As chief of the rheumatology and immunology department at Tufts School of Medicine, Steere led the research effort on Lymerix, the preventive Lyme vaccine by SmithKline Beecham, now GlaxoSmithKline (GSK), which first appeared on the market in January 1999. The research took four years, spanned ten states, and involved 11,000 patients and 31 scientists.
Lymerix works on the outer surface protein A (Osp-A) of Borrelia burgdorferi, the causative agent of Lyme disease. Osp-A causes creation of antibodies from the body's immune system to attack that protein. Tests preceding the vaccine were done primarily on Lyme arthritis, and patients with neurological or cardiac manifestations were excluded.
The vaccine was shown to be 78 percent effective. The drug was taken in three shots administered over the course of a year. Some uncertainty remained about the vaccine's ultimate safety before it was released to the public, especially for people with certain conditions. When the National Vaccine Advisory Committee of the Food and Drug Administration (FDA) certified the drug in December 1998, members appended a list of concerns about the long-term effect of the vaccine. The FDA released the vaccine on public health grounds, recommending that it be considered by people at the highest risk. GSK took the drug off the market in 2002 for commercial reasons, citing poor sales (with predictions of less than 10,000 people to be vaccinated in 2002), the high price of the vaccine, the need to exclude children under 15, and the need for frequent boosters. Vaccine expert Stanley Plotkin predicted that the withdrawal meant there will never be another Lyme disease vaccine available.
In recent years, Steere has pioneered studies of the role of infectious agents in triggering autoimmune diseases, particularly in patients with post-infectious, antibiotic-refractory Lyme arthritis or rheumatoid arthritis. The inflammation of the synovial membrane in affected joints, which is the target of an untoward immune response, is similar in both diseases. Using a novel approach of proteomics and translational research, developed with Catherine Costello at Boston University, he and his colleagues have identified four novel autoantigens that are targets of immune responses in patients with post-infectious Lyme arthritis. He has developed an algorithm for the treatment of such patients: after oral and intravenous antibiotic therapy, they are given immunosuppressive medications, such as methotrexate or TNF inhibitors, as in rheumatoid arthritis.
His current studies are funded by the National Institutes of Health to further explore how the Lyme disease agent, Borrelia burgdorferi, induces excessive immune responses in genetically susceptible individuals with post-infectious Lyme arthritis, which can lead to joint pathology similar with that seen in other chronic inflammatory forms of arthritis such as rheumatoid arthritis. ß Among many honors, Steere has received two awards from the National Institutes of Health, one in 1988 for his discovery of Lyme disease and the 1999 Astute Clinician Award “for observation of an unusual clinical occurrence, and by investigating it, opening an important new avenue of research.”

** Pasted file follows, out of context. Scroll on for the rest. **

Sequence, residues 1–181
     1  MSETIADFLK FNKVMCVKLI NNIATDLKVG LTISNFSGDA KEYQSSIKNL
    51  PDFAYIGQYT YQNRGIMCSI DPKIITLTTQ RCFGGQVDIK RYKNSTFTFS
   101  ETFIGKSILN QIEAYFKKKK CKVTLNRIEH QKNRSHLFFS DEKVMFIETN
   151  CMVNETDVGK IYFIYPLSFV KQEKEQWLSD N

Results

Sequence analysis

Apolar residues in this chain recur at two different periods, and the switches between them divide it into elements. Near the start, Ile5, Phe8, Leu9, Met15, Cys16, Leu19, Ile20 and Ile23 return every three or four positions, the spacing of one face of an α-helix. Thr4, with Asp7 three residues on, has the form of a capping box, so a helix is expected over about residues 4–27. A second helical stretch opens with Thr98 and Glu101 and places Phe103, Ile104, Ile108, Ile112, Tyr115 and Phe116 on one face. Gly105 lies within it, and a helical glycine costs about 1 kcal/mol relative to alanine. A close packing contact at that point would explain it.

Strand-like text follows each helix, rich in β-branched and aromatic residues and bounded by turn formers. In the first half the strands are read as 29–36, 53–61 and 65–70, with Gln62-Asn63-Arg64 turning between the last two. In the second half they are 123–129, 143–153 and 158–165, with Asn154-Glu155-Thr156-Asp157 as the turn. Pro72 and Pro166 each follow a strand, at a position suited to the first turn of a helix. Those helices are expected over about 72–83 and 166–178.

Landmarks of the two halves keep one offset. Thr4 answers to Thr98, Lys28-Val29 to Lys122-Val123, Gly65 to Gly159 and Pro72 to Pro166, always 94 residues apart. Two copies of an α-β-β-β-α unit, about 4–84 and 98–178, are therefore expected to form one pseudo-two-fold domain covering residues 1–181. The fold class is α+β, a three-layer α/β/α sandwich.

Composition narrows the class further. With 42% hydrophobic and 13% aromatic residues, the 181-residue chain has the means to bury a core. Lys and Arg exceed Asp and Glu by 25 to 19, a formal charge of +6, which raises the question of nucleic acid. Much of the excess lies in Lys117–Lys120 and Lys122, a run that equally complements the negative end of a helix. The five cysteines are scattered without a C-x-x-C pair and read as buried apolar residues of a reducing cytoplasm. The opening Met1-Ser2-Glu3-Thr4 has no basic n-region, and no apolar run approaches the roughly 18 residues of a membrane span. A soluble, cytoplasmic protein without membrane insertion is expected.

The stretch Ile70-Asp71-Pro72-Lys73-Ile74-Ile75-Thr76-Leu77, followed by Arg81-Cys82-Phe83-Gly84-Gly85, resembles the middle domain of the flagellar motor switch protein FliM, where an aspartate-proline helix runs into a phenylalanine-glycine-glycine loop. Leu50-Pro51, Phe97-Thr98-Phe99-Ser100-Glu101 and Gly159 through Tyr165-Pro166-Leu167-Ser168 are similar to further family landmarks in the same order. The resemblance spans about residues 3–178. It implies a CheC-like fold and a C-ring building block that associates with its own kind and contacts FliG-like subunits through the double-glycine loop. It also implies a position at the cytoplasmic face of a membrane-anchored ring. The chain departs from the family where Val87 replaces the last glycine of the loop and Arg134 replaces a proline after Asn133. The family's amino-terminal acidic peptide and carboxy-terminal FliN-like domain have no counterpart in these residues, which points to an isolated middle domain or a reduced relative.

Building further on his experience with Lyme arthritis, Steere is now conducting studies of infection-induced autoimmunity in patients with rheumatoid arthritis. With his colleagues Annalisa Pianta and Elise Drouin, he has reported a link between immune responses to a commensal microorganism in the gut microbiome, Prevotella copri, and two novel autoantigens (human proteins) that are highly expressed in joints of rheumatoid arthritis patients. These studies demonstrated molecular mimicry between these microbial and human proteins, and in some cases, Prevotella DNA was found in patients’ inflamed joints, suggesting that the organism itself or components of it may sometimes reach the joints of rheumatoid arthritis patients. These findings, which have implications for the diagnosis and treatment of the disease in the future, were highlighted in recent articles in Arthritis and Rheumatology and the Journal of Clinical Investigation.
Steere has had a love of music for many years and majored in music in college. During that time and while he was in medical school, he studied violin with Ivan Galamian, who was the Director of Violin Studies at the Juilliard School of Music. He performed violin recitals with David Garvey, who was the pianist for the great soprano, Leontyne Price, and he also performed in the same string quartet with the violin virtuoso Itzhak Perlman when they were both teenagers at the Meadowmount School of Music. Music remains an important part of his life.
Steere has been married for 50 years to Margaret Mercer Steere, and they have four grown children, all of whom now have their own families.
Allen Steere Facts for Kids. Kiddle Encyclopedia.